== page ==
There's a lot of open issues
Collect performance profiles for your Rails application.



 Project Readme


Profiling is critical to providing an understanding of an application's performance.

AppProfiler aims to provide a common framework for performance profiling for Rails applications.


To install app_profiler you need to include it in your Gemfile.

Profiling middleware


This gem automatically injects the AppProfiler::Middleware middleware into your Rails application.

This middleware can be disabled by using:

AppProfiler.middleware.disabled = true
# OR
Rails.application.config.app_profiler.middleware_disabled = true

Trigger profiling

Profiling can be triggered in one of two ways:

  1. Using the profile key in the query string of the URL.
    • Query string format: /?[key=value]&...
  2. Using the X-Profile key in the request headers.
    • X-Profile header format: [<key>=<value>];...

If async query string is provided, then the profile will be uploaded later, in an async manner. One use case for this is when we want to profile a certain % of traffic without incurring costs of inline profile uploads. Async background processing provides three callbacks:

  1. profile_enqueue_success: Called when a profile is successfully added to the queue, to be uploaded later.
  2. profile_enqueue_failure: Called when a profile fails to be enqueued due to no space left in the queue, upload_queue_max_length exceeded.
  3. after_process_queue: Called when profiles are uploaded from the background thread.

These callbacks can be configured the following manner:

AppProfiler.profile_enqueue_success = ->() {  StatsD.increment("profile_enqueue_success") }
# OR
Rails.application.config.app_profiler.profile_enqueue_success = ->() {  StatsD.increment("profile_enqueue_success") }
AppProfiler.profile_enqueue_failure = ->(profile) {  Rails.logger.info("Profile #{profile.inspect} could not be enqueued.") }
# OR
Rails.application.config.app_profiler.profile_enqueue_failure = ->(profile) {  Rails.logger.info("Profile #{profile.inspect} could not be enqueued.")}
AppProfiler.after_process_queue = ->(num_success, num_failures) { StatsD.gauge("async_profile_upload", tags: { sucessful: num_success, failed: num_failures} )}
# OR
Rails.application.config.app_profiler.after_process_queue = ->(num_success, num_failures) { StatsD.gauge("async_profile_upload", tags: { sucessful: num_success, failed: num_failures} )}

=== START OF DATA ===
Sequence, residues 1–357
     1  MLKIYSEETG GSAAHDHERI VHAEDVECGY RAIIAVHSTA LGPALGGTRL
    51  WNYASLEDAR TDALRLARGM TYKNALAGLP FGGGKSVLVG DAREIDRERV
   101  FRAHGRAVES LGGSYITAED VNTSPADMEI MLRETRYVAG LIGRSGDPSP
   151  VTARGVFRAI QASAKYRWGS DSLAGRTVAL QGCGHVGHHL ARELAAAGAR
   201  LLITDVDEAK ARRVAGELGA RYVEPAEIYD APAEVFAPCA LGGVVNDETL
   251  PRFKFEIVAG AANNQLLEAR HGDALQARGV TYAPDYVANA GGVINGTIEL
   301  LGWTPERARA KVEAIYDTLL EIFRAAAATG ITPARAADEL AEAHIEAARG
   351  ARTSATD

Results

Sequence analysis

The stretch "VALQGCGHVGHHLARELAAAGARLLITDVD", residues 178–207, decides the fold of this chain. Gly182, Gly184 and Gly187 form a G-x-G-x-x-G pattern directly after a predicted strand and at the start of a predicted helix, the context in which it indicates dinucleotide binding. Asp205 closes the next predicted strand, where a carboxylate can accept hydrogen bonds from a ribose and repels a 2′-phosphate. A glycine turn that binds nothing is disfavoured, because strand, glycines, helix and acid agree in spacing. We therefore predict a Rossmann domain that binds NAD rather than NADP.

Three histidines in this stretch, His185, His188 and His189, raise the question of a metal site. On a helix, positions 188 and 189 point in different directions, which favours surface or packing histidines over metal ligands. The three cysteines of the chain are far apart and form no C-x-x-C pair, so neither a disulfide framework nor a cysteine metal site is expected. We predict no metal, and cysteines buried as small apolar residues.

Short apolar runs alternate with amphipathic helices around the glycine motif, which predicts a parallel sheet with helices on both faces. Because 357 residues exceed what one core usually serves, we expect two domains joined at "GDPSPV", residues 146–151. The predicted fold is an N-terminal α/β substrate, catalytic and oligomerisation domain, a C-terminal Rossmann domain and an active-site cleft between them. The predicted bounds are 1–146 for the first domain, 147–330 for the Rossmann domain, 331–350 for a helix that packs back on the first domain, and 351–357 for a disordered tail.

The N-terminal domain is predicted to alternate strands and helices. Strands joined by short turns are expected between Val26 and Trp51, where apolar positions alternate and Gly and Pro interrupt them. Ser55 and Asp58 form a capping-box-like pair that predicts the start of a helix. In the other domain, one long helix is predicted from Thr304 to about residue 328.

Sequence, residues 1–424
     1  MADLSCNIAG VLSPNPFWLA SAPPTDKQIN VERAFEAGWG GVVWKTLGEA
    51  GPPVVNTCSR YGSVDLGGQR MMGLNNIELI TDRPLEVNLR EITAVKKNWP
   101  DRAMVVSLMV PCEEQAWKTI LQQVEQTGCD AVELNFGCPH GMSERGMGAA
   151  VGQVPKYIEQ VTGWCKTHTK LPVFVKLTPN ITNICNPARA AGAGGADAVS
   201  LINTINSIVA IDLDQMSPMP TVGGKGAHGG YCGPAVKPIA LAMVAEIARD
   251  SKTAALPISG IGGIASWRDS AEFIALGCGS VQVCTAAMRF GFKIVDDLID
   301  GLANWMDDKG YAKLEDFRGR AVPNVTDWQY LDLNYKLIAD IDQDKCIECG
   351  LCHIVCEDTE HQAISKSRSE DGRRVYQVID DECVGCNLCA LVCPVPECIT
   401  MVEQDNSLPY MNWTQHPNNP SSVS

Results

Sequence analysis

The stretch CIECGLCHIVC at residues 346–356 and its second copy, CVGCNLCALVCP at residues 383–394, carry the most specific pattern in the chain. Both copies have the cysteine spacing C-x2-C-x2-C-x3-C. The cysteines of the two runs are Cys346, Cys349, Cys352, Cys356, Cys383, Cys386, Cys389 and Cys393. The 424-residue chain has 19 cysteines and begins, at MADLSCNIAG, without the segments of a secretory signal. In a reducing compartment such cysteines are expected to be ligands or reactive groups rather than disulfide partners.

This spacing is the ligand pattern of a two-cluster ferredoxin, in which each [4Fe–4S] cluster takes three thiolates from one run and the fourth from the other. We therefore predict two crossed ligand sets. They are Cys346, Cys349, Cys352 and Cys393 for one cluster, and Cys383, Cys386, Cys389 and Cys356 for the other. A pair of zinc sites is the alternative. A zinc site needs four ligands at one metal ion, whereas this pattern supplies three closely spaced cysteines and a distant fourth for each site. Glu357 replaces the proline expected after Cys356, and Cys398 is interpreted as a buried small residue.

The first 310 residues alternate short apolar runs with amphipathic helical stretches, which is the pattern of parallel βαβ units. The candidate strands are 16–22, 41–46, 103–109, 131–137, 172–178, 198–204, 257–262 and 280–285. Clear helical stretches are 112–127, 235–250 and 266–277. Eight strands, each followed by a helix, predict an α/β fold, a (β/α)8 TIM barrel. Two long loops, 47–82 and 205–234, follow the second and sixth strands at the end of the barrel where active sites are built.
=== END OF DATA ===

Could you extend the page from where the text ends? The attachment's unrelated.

You can configure the profile header using:

AppProfiler.profile_header = "X-Profile"
# OR
Rails.application.config.app_profiler.profile_header = "X-Profile"

Here are some examples:

  1. /?profile=cpu&interval=2000&autoredirect=1&ignore_gc=1
  2. Set X-Profile to mode=wall;interval=1000;context=test-directory;autoredirect=1

Possible keys:

Key Value Notes
profile/mode Supported profiling modes: cpu, wall, object for stackprof. Use profile in (1), and mode in (2). Vernier backend only supports wall and retained at present time.
async Upload profile in a background thread. When this is set, profile redirect headers are not present in the response.
interval Sampling interval in microseconds.
ignore_gc Ignore garbage collection frames
autoredirect Redirect request automatically to Speedscope's page after profiling.
context Directory within the specified bucket in the selected storage where raw profile data should be written. Only supported in (2). Defaults to Rails.env if not specified.
backend Profiler to use, either stackprof or vernier. Defaults to stackprof. Note that Vernier requires Ruby 3.2.1+.

Note that the autoredirect feature can be turned on for all requests by doing the following:

AppProfiler.autoredirect = true
# OR
Rails.application.config.app_profiler.autoredirect = true

File names of profiles are prefixed by default with timezoned date and time, follow by profile mode, an id, and hostname of the machine where it was capture. For example: 20221006-121110-cpu-613fa8d2cdde5820d5312dea1cfa43d9-macbook-pro-work.lan.json. To customize the prefix you can provide a proc:

AppProfiler.profile_file_prefix = -> { "custom-prefix" }
# OR
Rails.application.config.app_profiler.profile_file_prefix = -> { "custom-prefix" }

To customize the redirect location you can provide a proc:

AppProfiler.profile_url_formatter = ->(upload) { "https://host.com/custom/#{upload.name}" }
# OR
Rails.application.config.app_profiler.profile_url_formatter = ->(upload) { "https://host.com/custom/#{upload.name}" }

When profiling is triggered, the middleware will generate the profile through StackProf and upload the profiles to your specified storage. For example, the default configuration would upload profiles to file storage.

When using a cloud storage provider, you can configure the target bucket name using:

AppProfiler.storage.bucket_name = "new-bucket-name"
# OR
Rails.application.config.app_profiler.storage_bucket_name = "new-bucket-name"

Access control

You may restrict the storing of profiling results by defining your own Middleware based on AppProfiler::Middleware and changing the after_profile hook method to return false for such cases.

For example, the following middleware only stores the profiling results if a disallow_profiling key was not added to the request.env while processing the request.

class AppProfilerAuthorizedMiddleware < AppProfiler::Middleware
  def after_profile(env, params)

You can also restrict running profiling at all by using before_profile. For example you may wish to prevent anonymous users triggering the profiler:

class AppProfilerAuthorizedMiddleware < AppProfiler::Middleware
  def before_profile(env, params)

The custom middleware can then be configured like the following: